"open" dorms on campus. Simmons is now the
center of campus business with the office of
the Director of Students there, a large living
room available for small dances, folk singers
and the like.
Mrs. Smith is the Resident at Evans Hall.
This is the rear view of Simmons Hall, the
newest dorm on the campus.
Miss Fairchild, Executive Dietitian and Manager of
Residence, arranges the mantel in Bartol Hall.
Ivy adds to the charm of old South Hall.
Miss Fairchild, our Executive Dietitian
is Simmons' authority on healthy eating.
She is also our chief consultant when we
are planning special events requiring refresh-
ments or party menus. Mrs. Patterson, House
Mother of North Hall makes living at North
very home-like, and Miss Chrysler, Resident
Head at South has many interesting anecdotes
to relate to her girls.
Miss Chrysler, Resident Head, serves tea
in South Hall.
Mrs. Beatrice Patterson is North Hall's
Mrs. Lash, Resident Head of Dix Hall, chats with
Student Assistant, Ellie Portnoy.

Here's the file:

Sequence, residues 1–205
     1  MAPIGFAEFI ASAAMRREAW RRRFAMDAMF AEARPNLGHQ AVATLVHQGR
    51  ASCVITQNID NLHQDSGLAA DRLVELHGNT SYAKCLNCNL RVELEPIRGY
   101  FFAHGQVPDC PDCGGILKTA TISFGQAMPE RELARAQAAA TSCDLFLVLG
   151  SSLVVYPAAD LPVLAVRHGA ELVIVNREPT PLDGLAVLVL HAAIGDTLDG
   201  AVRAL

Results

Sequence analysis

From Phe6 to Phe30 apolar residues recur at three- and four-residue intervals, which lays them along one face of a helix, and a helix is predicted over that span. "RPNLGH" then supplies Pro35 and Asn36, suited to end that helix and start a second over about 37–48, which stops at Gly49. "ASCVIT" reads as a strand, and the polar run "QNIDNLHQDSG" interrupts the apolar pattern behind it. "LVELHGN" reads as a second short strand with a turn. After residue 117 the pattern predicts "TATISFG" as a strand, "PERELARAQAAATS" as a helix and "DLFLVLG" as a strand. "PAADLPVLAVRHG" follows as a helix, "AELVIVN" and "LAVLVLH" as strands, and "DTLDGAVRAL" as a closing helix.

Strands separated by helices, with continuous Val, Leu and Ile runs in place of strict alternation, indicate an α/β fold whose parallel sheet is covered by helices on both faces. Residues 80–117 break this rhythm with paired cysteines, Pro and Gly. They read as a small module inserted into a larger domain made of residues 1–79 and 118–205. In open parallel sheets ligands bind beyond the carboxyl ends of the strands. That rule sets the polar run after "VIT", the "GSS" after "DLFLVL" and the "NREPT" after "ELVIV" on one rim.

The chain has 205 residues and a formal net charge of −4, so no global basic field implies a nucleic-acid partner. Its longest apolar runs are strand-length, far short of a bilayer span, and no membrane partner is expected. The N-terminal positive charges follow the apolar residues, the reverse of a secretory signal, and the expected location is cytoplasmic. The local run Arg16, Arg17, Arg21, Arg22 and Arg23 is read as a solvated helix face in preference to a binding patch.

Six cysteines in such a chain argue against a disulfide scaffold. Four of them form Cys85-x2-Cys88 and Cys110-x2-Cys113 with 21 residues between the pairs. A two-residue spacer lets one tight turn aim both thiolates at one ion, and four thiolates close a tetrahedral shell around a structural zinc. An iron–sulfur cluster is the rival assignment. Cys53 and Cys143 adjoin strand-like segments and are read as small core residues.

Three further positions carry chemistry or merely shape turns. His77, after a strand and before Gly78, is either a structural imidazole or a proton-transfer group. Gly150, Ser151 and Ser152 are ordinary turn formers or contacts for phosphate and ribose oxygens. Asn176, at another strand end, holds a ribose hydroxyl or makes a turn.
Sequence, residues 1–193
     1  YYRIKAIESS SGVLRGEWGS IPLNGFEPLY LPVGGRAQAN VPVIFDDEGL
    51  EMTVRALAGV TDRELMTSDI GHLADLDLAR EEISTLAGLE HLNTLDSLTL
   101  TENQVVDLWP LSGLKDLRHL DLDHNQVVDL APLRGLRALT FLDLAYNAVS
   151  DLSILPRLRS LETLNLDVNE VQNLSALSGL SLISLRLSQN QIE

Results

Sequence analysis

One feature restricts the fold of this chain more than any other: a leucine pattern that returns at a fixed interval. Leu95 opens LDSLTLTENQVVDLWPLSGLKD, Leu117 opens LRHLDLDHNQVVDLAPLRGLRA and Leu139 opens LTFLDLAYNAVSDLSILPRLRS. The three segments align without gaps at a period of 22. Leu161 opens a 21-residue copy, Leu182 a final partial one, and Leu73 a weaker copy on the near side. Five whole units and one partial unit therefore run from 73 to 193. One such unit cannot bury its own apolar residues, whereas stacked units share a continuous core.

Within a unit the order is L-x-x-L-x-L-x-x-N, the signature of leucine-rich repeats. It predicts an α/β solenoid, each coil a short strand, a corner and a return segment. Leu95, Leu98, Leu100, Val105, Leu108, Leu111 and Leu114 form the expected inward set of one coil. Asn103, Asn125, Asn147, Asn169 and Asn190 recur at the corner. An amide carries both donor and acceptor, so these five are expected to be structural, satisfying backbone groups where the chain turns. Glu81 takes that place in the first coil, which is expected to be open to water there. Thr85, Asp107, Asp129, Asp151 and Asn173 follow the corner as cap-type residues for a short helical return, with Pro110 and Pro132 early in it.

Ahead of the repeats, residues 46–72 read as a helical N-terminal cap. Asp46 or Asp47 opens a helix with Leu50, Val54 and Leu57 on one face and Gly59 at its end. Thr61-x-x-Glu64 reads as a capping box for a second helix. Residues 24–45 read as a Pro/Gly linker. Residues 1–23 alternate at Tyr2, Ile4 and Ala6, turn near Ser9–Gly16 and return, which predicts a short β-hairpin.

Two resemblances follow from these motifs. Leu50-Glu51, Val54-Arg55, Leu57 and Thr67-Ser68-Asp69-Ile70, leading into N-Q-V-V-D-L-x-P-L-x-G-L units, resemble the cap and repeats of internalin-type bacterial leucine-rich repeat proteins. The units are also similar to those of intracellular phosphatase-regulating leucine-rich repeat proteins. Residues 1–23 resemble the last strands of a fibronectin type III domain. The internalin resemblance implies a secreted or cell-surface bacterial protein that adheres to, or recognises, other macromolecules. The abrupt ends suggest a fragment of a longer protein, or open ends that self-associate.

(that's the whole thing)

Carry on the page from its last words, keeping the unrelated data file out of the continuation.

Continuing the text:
Mrs. Ross and Patti Dubiel discuss some of
Arnold Hall's problems.
Miss Lopez and Roz Tuton check the
bell duty list of Morse Hall.
Resident Heads and Student
Assistants cooperate in
their efforts to make dorm
living a pleasure. These
administrators and their
assistants do more than
the usual tangible things.
They manage, somehow, to keep
up student morale even during
the most trying exam periods.
They are an inspiration to
the students in their dormitories.
Student Assistant of Hastings House, Carol Cushing,
keeps busy answering those phones.
Rhoda Green, Student Assistant at
Longwood House, prepares some
Miss Bevaqua is the Home
Manager of Pilgrim House.
The Student Assistant at Turner House is Marilyn Wilkinson.
Living in the small houses is homey and fun.
The Student Assistant at Apple-
ton House is Gretchen Hanlon.
Constance Gray is the Student Assistant at
The Student Assistant at Simmons is the helping
hand of the House Mother of her dormitory.
She is aware of all the activities of her dormitory
and she is always available when a student
has a problem or just wants to talk something
over with someone who will listen sympathetically.